Beam bridges have been around for many centuries across the world as various civilizations have used them to create formidable crossings for rivers, sounds, and other waterways.
Beam bridges utilize a very simple method of supporting the massive amounts of weight that are often required to hold up bridges of considerable size, but their construction requires significant expertise and skill in architecture and design.
In this article, we will examine 10 of the world’s most famous beam bridges and discuss the architects behind their design.
Famous Beam Bridges
1. Donghai Bridge
The Donghai Bridge is one of the world’s longest man-made structures and is also recognized as one of the longest cross-sea bridges in the world.
It stands above the East China Sea and is often referred to as the East China Sea Bridge among those who reside near the structure, as well as tourists visiting the area.
The Donghai Bridge was designed by a company called the Halcrow Group, which is a world-renowned United Kingdom-based architectural firm.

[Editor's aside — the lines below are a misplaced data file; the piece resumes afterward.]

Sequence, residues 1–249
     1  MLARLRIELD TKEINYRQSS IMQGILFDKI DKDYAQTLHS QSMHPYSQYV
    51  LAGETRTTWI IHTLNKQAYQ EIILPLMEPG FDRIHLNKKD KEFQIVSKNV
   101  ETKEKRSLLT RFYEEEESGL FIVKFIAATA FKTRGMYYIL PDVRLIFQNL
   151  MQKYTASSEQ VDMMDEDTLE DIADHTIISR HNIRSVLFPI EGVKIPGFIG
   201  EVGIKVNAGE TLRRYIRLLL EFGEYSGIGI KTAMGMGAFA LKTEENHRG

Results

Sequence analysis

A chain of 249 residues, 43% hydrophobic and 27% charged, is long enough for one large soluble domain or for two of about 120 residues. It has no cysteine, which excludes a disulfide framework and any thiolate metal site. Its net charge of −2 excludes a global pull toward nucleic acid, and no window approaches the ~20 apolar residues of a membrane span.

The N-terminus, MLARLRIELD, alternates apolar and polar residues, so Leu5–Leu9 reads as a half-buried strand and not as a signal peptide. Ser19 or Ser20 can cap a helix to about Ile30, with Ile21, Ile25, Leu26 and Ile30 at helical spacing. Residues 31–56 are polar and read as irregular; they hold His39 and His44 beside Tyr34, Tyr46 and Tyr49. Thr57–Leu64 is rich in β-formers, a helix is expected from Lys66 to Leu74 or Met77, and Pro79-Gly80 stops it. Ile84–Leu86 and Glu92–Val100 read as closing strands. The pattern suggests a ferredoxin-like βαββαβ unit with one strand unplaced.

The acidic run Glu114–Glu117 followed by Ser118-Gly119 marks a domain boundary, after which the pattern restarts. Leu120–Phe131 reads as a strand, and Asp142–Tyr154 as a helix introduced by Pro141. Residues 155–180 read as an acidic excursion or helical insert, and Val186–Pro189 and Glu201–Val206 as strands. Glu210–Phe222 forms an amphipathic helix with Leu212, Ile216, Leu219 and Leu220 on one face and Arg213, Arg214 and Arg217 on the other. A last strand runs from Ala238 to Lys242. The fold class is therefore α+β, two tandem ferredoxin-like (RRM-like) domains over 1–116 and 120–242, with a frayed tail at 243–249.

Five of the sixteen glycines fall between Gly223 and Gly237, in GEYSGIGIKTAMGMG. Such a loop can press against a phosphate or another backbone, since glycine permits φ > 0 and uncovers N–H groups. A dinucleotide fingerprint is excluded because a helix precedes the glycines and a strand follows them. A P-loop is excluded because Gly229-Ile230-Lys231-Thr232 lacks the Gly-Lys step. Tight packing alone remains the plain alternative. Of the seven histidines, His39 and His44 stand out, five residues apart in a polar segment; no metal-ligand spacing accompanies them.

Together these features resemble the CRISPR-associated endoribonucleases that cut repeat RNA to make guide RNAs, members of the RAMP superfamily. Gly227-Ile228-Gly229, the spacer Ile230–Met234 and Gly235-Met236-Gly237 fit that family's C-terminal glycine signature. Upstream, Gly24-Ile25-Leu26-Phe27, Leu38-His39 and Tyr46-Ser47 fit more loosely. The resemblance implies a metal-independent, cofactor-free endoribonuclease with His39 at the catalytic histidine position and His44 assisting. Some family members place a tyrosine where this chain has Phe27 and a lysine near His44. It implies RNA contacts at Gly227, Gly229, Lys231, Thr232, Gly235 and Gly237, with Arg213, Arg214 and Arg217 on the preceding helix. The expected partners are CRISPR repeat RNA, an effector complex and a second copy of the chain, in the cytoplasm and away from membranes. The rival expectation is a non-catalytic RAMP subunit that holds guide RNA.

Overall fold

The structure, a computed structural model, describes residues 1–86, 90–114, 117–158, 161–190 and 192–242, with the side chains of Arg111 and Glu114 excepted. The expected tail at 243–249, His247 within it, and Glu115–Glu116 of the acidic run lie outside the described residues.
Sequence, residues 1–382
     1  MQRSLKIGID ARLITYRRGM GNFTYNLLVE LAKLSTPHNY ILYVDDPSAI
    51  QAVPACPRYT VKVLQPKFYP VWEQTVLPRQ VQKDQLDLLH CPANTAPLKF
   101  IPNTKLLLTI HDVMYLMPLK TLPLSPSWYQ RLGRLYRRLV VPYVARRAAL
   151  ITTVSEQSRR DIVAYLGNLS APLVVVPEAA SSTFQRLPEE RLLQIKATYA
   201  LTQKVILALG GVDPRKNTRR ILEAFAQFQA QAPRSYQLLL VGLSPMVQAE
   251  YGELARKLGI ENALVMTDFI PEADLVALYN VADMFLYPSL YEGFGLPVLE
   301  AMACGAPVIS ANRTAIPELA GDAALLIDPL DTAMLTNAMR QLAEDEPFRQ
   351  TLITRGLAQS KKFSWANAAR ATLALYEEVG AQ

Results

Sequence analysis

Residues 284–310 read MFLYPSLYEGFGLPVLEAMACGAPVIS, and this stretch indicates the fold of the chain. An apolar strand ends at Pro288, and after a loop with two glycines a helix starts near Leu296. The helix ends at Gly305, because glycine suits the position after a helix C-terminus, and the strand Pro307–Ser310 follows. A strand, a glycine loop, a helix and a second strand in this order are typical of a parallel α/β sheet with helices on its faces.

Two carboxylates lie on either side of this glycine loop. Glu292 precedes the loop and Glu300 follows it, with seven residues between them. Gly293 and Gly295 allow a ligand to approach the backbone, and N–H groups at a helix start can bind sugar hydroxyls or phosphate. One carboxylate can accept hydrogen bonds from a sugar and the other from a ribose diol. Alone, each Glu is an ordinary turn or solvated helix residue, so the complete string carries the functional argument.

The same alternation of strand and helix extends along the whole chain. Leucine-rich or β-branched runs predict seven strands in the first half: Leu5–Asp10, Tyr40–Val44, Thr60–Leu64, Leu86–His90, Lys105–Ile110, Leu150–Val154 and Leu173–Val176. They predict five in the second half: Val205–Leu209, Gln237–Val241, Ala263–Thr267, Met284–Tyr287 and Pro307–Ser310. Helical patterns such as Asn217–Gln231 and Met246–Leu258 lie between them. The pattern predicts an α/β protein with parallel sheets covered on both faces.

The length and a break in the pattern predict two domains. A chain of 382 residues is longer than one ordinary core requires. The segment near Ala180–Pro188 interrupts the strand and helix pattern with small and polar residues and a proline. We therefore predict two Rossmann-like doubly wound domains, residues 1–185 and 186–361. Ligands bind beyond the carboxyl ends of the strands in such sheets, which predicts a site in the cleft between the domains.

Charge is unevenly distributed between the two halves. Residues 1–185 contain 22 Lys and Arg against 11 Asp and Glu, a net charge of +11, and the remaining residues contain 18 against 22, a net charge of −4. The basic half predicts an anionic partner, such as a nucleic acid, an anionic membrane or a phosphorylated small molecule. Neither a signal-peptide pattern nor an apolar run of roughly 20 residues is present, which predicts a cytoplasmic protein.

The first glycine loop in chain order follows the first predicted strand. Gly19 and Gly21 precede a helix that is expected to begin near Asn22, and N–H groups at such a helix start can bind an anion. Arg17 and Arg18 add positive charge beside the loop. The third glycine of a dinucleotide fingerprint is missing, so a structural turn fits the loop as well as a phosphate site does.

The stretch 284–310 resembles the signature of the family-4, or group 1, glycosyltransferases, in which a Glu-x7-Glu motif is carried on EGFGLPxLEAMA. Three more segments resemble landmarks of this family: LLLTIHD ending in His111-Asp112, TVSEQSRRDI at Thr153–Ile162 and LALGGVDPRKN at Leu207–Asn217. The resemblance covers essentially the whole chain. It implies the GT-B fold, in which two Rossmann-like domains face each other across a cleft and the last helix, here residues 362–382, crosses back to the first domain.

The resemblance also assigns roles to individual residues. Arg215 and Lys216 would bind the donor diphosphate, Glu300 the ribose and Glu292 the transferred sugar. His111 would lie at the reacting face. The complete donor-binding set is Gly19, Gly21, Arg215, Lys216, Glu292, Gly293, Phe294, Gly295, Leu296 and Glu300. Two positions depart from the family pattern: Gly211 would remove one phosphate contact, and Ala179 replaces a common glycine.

Construction on the bridge began in 2002 and was completed three years later in 2005 before it was opened to the public.
The Donghai Bridge measures a staggering 20.2 miles in length from one end to the other and is mostly made up of low-level viaduct systems.
It connects Shanghai’s Pudong New Area with the Yangshan Deep-Water Port in Zhejiang.
2. Chesapeake Bay Bridge-Tunnel
One of the most well-known bridges in the eastern half of the United States is the Chesapeake Bay Bridge-Tunnel, which sits atop the vast Chesapeake Bay.
The bridge was designed by Sverdrup & Parcel, which is a company based out of St. Louis, Missouri. The Sverdrup & Parcel connects access to the Virginia Beach area and the peninsula south of Salsbury, Maryland.
The bridge was commissioned in 1956 and bonds were sold by the Chesapeake Bay Ferry Commission to investors in the project for more than $200 million.
Work began on the project in October of 1960 and the entire Chesapeake Bay Bridge-Tunnel would be completed in various stages that was finally finished in 1964.
The bridge measures a whopping 17.6 total miles from end-to-end and it is one of the longest beam bridges in the United States.